Recommendations for Executive Action

  1. Status: Closed - Implemented

    Comments: In April 2008, we reported that the Defense Finance and Accounting Service (DFAS) and the Services were not in agreement as to whether stipends paid under the Health Professions Scholarship Program or the Financial Assistance Program could be recouped from those who fail to complete either the program or their active duty commitment. We recommended that a review and determination be made as to whether stipends were legally eligible for recoupment and to clearly communicate this determination to the Services and DFAS. In order to clearly communicate whether stipends were legally eligible for recoupment, a table was added to the DOD Financial Management Regulation Volume 7A Chapter 2 based on an Under Secretary of Defense (Personnel & Readiness) May 21, 2008 memo. This table clearly identifies the circumstances by which unearned portions of bonuses, special pay, educational benefits, or stipends will be disbursed by a service member. Based on this guidance DFAS and the Services should have a clearer understanding of when stipends maybe legally recouped.

    Recommendation: To provide greater assurance that the correct legal sums of money are recouped from program participants who do not fulfill their active duty service obligations and to fully disclose debt collection expectations, the Secretary of Defense should direct the Under Secretary of Defense for Personnel and Readiness, in coordination with the Under Secretary of Defense, Comptroller, the Assistant Secretary of Defense for Health Affairs, and DOD General Counsel, to review and determine whether stipends are legally eligible for recoupment and clearly communicate this determination to the services and DFAS.

    Agency Affected: Department of Defense

  2. Status: Closed - Implemented

    Comments: In April 2008, we reported that both Defense Finance and Accounting Service (DFAS) and service officials explained that little communication occurs between them concerning the status of the recoupment effort after DFAS accepts and records a debt package in its Defense Debt Management System. Officials from each of the military services said that they would like to know more about the status of the debts sent to DFAS. Service officials indicated that they could benefit from more frequent and clearer communication. Therefore, we recommended that the Director of DFAS establish a procedure to periodically communicate with the services the status of debt recoupment packages that DFAS had officially accepted and established within its Debt Management System so that any discrepancies among the services records could be reconciled in a timely manner. In September 2010, DFAS revised its Financial Management Regulation to require its Deputy Chief Management Officer to provide feedback to the applicable DOD components upon request.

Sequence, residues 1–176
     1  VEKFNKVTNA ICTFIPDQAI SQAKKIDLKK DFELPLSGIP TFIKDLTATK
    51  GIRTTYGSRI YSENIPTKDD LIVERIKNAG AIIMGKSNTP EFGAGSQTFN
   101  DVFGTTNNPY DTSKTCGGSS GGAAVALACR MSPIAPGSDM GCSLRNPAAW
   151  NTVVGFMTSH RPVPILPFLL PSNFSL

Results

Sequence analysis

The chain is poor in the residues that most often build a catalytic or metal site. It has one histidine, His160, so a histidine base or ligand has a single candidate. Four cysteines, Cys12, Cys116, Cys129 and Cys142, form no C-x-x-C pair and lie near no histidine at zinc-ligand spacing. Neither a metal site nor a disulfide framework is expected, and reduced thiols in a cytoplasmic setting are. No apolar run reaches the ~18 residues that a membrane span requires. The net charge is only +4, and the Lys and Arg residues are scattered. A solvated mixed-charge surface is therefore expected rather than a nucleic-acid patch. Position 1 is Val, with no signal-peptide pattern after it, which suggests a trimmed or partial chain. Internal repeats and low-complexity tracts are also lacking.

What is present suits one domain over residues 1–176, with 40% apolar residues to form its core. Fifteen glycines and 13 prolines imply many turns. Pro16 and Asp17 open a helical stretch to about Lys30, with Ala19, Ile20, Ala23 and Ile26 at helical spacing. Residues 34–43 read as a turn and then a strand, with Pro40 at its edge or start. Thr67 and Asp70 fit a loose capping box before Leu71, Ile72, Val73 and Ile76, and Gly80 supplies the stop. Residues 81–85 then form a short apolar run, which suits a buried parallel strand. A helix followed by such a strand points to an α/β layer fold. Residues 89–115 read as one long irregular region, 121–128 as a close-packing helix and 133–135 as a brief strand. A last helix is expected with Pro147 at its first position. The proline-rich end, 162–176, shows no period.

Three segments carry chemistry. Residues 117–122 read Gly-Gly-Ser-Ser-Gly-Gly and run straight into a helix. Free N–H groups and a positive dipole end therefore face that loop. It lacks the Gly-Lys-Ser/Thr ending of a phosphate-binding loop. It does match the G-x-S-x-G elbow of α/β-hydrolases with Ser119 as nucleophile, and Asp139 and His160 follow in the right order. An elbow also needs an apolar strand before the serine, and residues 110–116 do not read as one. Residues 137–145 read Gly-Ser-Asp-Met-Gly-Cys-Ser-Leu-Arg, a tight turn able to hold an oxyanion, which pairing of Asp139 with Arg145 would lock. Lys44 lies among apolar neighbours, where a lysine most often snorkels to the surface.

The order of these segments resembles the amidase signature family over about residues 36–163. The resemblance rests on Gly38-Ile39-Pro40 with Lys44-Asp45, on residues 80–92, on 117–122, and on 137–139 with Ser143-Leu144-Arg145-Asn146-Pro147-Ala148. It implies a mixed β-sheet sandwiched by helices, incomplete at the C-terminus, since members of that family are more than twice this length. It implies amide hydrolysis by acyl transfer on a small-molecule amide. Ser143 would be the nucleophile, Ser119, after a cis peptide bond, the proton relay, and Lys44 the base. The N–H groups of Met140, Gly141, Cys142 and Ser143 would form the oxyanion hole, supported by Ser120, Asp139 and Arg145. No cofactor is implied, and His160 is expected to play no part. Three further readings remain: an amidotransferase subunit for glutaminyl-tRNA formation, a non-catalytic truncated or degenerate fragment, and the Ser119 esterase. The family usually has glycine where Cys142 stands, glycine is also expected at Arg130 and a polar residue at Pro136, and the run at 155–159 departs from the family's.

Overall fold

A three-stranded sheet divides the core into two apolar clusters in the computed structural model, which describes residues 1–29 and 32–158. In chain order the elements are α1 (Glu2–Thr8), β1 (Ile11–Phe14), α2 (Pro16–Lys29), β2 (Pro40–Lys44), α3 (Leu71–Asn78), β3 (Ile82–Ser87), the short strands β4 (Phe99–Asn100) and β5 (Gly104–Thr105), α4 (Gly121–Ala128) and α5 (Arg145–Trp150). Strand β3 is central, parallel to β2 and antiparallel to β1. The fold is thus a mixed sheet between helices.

Recommendation: To help strengthen debt collection procedures, the Secretary of Defense should direct the Director, Defense Finance and Accounting Service, to establish a procedure to periodically communicate with the services the status of debt recoupment packages that DFAS has officially accepted and established within its Defense Debt Management System so that any discrepancies among the services' records can be reconciled in a timely manner.

    Agency Affected: Department of Defense

  3. Status: Closed - Implemented

    Comments: We reported that, at least for debt recoupment packages from a certain Air Force organization, the Defense Finance and Accounting Service (DFAS) had not been adhering to established procedures where those packages were concerned. The DOD Financial Management Regulation requires the military services to prepare and submit a debt transmittal letter to DFAS to process the delinquent debts. Use of the transmittal letter helps control the transmission of debt cases and to identify all attached debt case files by name, social security number, and monetary amount. However, DFAS officials noted they accepted hand-carried Air Force debt packages without transmittal letters which came from an office co-located with DFAS in the same building. The informality of this practice increases the potential for errors in transferring and tracking these debt packages between DFAS and the Air Force. Therefore, we recommended that the Director of DFAS follow the established regulation requiring transmittal letters as part of debt recoupment packages transferred from the military services. As a result of our review, the Chief of the Debt Management Operations Division in the Directorate of Debt and Claims Management of DFAS, sent a letter on March 28, 2008, to the Air Reserve Personnel Center stating that in accordance with the DOD Financial Management Regulation, a transmittal letter must accompany all debt recoupment packages. This reiteration of policy guidance should help put DOD in a better position to more consistently and thoroughly collect reimbursements across the services.